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Root Aphid

Order: Hemiptera
Family: Aphididae
Species: Pemphigus populivenae

root aphid
Sugar beet root aphid

Pests as nymphs and adults

Appearance

  • Globular soft bodies (tear-drop, pear-shaped)
  • Paired cornicles (backward pointing abdominal tubes)
  • Piercing/sucking mouthparts on nymphs and adults

Symptoms

Above Ground

  • Leaf yellowing and wilting (first along the edges)
  • Small circular patches of collapsed plants - especially during moisture stress

Below Ground

  • Patchy white waxy material "white mold" on roots and soil
  • Short, limp, rubbery taproot with many root hairs

Biology

  • Winter: overwinter as eggs within bark crevices on Populus species (Cottonwood and Poplar trees).
  • Spring: "Stem mother" hatches from eggs as a dark-bodied, wingless female and feeds on emerging leaf gall that encloses the aphid. Over the next 1-2 months, the female produces 75-150 "spring migrant" females asexually, that have wings as adults and escape from the gall through a hole.
  • Summer: Spring migrants have colonizing flights to sugar beet roots (may be directed or accidental). Infestations are the worst when soil is dry and cracked. There are multiple asexual generations on sugar beet roots. At this stage, aphids are 2-3 mm long, pale yellowish-white and dusted with white powder. Aphids are wingless and entirely female. In late summer, some winged aphids are produced and have massive return flights to poplar and cottonwood.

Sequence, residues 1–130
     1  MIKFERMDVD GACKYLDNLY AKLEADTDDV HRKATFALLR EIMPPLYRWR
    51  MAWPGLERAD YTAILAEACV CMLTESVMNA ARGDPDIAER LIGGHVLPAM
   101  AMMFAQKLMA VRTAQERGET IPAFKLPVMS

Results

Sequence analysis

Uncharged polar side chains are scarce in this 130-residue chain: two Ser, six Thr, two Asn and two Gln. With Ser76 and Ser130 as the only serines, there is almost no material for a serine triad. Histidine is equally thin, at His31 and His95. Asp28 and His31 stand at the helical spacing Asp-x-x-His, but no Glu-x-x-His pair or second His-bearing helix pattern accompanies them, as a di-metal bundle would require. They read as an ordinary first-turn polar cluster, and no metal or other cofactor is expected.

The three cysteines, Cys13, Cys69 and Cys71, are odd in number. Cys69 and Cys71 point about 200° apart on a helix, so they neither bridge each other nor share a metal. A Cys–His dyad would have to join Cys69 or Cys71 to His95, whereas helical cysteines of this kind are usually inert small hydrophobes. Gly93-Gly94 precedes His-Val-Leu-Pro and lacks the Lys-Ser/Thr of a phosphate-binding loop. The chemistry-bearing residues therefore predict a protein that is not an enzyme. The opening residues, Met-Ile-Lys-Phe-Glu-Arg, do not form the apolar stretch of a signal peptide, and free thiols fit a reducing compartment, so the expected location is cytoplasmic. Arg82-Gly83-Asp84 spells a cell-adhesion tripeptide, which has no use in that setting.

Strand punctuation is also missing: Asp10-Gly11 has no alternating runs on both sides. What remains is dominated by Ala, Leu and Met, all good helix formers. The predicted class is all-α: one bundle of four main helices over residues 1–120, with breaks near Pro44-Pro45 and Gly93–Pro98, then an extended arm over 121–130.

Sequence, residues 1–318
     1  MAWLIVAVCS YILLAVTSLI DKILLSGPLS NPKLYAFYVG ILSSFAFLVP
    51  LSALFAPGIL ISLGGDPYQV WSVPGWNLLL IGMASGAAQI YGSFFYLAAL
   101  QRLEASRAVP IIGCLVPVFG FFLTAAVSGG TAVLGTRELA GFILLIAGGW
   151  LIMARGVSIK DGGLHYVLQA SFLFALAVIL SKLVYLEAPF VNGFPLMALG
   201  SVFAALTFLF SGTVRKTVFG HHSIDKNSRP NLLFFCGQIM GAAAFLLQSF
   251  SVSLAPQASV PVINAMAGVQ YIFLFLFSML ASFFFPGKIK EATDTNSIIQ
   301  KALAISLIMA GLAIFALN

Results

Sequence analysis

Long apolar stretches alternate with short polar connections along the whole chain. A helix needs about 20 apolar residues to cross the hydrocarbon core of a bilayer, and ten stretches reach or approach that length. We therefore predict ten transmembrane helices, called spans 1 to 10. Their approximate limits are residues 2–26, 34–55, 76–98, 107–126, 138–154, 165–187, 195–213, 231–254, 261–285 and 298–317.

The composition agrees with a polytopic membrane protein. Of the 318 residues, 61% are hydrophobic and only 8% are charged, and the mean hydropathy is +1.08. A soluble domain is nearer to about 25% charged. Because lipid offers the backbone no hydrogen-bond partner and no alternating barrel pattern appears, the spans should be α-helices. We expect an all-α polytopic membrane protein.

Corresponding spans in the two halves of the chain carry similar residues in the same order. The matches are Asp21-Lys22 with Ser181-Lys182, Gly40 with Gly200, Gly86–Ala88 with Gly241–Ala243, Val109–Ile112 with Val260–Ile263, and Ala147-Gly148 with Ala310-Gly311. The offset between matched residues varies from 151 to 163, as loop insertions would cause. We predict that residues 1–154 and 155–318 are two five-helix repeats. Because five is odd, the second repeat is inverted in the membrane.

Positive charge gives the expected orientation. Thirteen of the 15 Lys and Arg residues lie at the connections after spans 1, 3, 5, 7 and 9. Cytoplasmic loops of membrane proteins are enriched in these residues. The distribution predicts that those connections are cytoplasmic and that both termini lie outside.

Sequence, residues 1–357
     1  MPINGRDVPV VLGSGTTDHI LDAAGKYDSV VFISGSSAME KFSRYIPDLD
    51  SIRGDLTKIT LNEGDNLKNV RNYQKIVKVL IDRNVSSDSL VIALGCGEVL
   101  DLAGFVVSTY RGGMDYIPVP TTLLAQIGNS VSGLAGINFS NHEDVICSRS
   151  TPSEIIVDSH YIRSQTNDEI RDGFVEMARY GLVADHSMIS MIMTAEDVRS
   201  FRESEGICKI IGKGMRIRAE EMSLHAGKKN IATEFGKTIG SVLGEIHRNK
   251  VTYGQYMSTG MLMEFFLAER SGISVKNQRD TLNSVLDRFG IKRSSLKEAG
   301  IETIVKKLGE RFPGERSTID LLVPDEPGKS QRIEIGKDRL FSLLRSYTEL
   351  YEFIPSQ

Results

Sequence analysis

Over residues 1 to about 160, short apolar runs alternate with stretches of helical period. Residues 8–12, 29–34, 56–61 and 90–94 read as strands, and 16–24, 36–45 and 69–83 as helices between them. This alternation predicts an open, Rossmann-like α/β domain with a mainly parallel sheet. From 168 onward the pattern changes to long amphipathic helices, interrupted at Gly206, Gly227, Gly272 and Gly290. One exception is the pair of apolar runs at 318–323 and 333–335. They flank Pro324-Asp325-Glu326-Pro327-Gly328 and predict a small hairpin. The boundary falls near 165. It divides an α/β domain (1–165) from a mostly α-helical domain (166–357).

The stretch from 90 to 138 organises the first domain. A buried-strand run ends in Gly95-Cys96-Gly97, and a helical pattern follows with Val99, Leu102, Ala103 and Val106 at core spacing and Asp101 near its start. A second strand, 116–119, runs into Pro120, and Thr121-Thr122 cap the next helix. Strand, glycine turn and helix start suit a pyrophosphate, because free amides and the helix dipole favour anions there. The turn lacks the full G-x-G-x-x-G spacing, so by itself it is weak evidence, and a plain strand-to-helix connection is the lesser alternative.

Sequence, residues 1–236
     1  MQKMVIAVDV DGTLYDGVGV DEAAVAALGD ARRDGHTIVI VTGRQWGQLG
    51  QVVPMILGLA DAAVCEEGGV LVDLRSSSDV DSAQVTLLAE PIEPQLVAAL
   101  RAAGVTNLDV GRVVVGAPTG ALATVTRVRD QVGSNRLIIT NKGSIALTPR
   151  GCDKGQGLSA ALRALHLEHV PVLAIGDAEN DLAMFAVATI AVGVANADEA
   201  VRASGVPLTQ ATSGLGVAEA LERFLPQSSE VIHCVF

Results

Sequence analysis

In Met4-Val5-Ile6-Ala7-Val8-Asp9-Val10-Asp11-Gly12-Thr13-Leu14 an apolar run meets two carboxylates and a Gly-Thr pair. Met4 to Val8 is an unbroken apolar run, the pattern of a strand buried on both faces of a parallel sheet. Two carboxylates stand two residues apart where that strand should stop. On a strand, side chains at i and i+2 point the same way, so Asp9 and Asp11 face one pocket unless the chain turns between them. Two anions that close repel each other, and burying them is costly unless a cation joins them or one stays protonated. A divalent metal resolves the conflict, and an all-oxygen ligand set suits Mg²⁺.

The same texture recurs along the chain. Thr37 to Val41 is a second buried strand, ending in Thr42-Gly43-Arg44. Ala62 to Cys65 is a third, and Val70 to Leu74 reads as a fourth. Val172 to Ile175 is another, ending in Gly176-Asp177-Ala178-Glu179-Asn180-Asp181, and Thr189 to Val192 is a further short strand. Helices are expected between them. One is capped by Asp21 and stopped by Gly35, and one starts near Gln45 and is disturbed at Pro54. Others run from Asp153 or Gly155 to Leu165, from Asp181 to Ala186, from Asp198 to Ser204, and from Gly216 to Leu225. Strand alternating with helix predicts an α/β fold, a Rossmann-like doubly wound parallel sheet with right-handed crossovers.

• Fall: After returning to wintering site, the migrant aphids give live, asexual birth to sexual males and females. These aphids are near-microscopic, mouthless (non-feeding) and wingless, solely for the purpose of mating and oviposition. Females lay a single white egg in the bark crevice. Aphids that remained at the beet fields continue to produce asexual wingless generations. They overwinter in the beet field soil or on weeds in ditches to colonize the sugar beets next spring.

Control Strategy

  • Minimize initial colonization and establishment
  • Slow rate of increase once established

Control Measures

Cultural

  • Field rotation
  • Maintain rapid vigorous plant growth
  • Early-planting and fertility
  • Avoid water stress
  • Control weedy hosts, such as lambsquarter and pigweed, especially in field borders
  • Clean tillage equipment between infested & noninfested fields
  • Postharvest fall tillage
  • Expose and kill overwintering aphids
  • Eliminate alternate winter hosts (cottonwood and poplar)

Biocontrol

  • Conserve natural enemies (predatory fly and fungus disease in soil) by minimizing soil insecticides

Pesticides

Contact Us

Integrated Pest Management

Mailing Address:
University of Idaho, Boise Center
322 E Front St, Suite 180
Boise, ID 83702

Phone: 208-364-4046

Fax: 208-364-4035

Email: rhirnyck@uidaho.edu